And that’s just what happened before Heyne arrived at the Brevard County Jail. He has been party to many violent incidents against staff and other inmates since 2005, ranging from sexual assaults and aggravated battery to strong-arming other inmates.

Plan unravels

Within days after Deputy Lincoln’s remarkable discovery of the package, investigators uncovered an elaborate plot involving Heyne and fellow inmate Phillip Mc- Cullough. The plan was to smuggle a firearm into the jail, which Heyne first planned to use for escape.When McCullough convinced him he wouldn’t be able to escape, Heyne said he would use the firearm to take a hostage, kill a Corrections Deputy that he was angry with or kill another inmate he was angry with. If he couldn’t escape, he said he was going to take a Corrections Deputy with him.

Getting the firearm to that critical point of discovery had involved the participation of Inmate Mc- Cullough’s wife and brother, who arranged the purchase of the firearm; a friend of Heyne’s who wired the money to buy it via Western Union and a young man who got the package weighed and stamped at the post office.

The scheme had involved several test runs of packages sent and received prior to the firearm being mailed, as the accomplices didn’t know if the post office used metal detectors or x-ray machines in their processing.

During the investigation related to the package, the two inmates – Heyne and McCullough – tried to convince investigators that a Corrections Deputy was involved in the plot. Later, they admitted they had just wanted to get him into trouble because he had been “hard on them.” There were no jail employees involved in the mailing or receiving of the package.

At the end of the investigation, Phillip McCullough pleaded guilty to his role and received five years in prison for the offense. Lamont Lewis, McCullough’s brother, was sentenced to four years of probation under a plea deal. Under the terms of the agreement, he is required to testify against his co-defendants.
Charges are still pending against Heyne and McCullough’s wife.

For “setting the standard as a dedicated professional in the corrections field,” and for his part in saving numerous lives last August, the Florida Sheriffs Association named Corrections Deputy Robert Lincoln Jr. The 2009 Correctional Officer of the Year. He and his family were honored during the FSA Mid-Winter 2010 conference, where he received a handsome plaque and a check for $1,000.

FSA Names Two Honorable Mentions

The awards committee found all nominations worthy of an award, but in keeping with the guidelines, selected only two Honorable Mentions for Correctional Officer of the Year.

Rescue from a sinking minivan

Palm Beach County Sheriff’s Office Deputy John Lyons was selected for risking his life to rescue a man from a van that was submerged in a canal.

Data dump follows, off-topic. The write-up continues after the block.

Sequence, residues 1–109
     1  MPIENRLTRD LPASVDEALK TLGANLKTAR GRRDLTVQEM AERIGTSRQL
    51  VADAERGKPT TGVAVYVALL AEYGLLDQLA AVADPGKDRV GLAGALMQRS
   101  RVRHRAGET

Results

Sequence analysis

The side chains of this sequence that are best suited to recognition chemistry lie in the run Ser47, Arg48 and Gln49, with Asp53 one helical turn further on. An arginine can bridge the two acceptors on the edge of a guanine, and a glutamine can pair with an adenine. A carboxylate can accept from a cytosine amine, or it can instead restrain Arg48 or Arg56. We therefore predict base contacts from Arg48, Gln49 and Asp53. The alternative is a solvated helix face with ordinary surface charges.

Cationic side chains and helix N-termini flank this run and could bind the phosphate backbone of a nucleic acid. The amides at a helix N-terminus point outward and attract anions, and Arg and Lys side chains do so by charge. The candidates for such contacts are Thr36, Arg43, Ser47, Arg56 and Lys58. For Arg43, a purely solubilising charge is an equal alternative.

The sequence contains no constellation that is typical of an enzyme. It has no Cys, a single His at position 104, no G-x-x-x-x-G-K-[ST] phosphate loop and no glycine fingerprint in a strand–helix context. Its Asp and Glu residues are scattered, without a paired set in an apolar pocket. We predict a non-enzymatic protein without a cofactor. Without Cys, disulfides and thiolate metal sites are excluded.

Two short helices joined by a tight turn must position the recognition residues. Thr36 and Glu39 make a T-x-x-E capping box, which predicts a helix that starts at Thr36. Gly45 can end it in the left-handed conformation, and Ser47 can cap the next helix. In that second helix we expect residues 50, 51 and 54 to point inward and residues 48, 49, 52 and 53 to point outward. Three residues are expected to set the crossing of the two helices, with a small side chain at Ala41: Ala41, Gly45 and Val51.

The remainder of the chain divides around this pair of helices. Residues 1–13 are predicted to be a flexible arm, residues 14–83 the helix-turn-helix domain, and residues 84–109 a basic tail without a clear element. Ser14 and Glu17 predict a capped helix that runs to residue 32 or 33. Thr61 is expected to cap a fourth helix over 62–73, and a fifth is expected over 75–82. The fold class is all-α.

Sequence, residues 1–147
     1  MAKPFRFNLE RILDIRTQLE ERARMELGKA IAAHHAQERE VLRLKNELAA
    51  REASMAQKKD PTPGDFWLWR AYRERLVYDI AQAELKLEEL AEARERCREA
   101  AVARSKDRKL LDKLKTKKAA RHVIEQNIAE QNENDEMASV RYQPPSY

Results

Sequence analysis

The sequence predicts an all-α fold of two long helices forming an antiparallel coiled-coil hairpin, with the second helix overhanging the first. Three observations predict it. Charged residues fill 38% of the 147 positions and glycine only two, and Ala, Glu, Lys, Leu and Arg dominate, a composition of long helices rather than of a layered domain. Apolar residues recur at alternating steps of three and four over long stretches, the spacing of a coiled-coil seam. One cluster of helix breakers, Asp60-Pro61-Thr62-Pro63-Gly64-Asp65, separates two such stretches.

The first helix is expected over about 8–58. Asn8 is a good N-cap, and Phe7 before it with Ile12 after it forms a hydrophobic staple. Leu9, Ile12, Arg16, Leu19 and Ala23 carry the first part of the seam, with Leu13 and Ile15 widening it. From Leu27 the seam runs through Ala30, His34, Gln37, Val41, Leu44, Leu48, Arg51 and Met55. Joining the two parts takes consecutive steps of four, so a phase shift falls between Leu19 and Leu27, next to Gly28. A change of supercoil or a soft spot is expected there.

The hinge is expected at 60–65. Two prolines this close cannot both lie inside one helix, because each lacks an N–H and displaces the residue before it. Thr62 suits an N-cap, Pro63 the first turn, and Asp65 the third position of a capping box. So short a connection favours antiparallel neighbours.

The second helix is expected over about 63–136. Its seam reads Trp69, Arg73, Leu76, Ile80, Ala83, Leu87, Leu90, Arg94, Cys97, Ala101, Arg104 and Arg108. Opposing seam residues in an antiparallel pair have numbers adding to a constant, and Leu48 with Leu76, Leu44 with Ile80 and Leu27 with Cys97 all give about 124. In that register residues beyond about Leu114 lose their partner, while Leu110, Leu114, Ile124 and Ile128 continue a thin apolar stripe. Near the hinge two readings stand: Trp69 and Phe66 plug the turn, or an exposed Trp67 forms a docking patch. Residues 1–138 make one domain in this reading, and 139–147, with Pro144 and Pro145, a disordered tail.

At approximately 7:00 a.m. on April 8 of last year, Deputy Lyons was transporting inmates when he and fellow Deputy Brenda Gray noticed vehicles pulled off the roadway. A car was upside down in the canal adjacent to the highway and bystanders were shouting that someone was still in the vehicle.As Deputy Gray stayed on the lookout for gators, Deputy Lyons entered the water and swam to the vehicle. He could see a man inside banging and screaming for help, but the car continued to sink deeper. Deputy Lyons attempted to open the doors without success.The vehicle lunged toward him at one point, and he had to dive underwater to continue rescue efforts.The man inside was finally able to unlock the back hatch and Deputy Lyons helped him get free.The man, later identified as Adel Abdalla, then said he could not swim. Deputy Lyons reassured Abdalla and asked him to hold onto his neck; he then calmly swam to Re-engineering to avoid layoffs Sgt. Stephen Farley of the Hillsborough County Sheriff’s Office is being recognized for transforming the Transportation Bureau into a more professional, productive and cohesive team.The former Air Force serviceman, and 15-year Sheriff’s Office veteran, re-engineered the bureau to reduce costs and avoid layoffs.He changed inmate transportation routes throughout the state and decreased overtime by 37 percent. Under his plan, staff drove fewer miles while transporting more inmates. Sgt. Farley instituted better coordination and reduced the number of trips made by his unit between counties and also entered into agreements with other agencies throughout the state. The reciprocal services saves the jails involved thousands of dollars annually. Efforts are being made to use this model for expansion in other parts of the state.

The Florida Sheriffs Association congratulates both Deputy Lyons and Sgt. Farley for setting such exemplary examples for the Corrections field in our state.

Read the full article at http://trendmag2.trendoffset.com/article/Brevard+County%E2%80%99s+Robert+Lincoln+Wins+Correctional+Officer+Of+The+Year/885021/87911/article.html.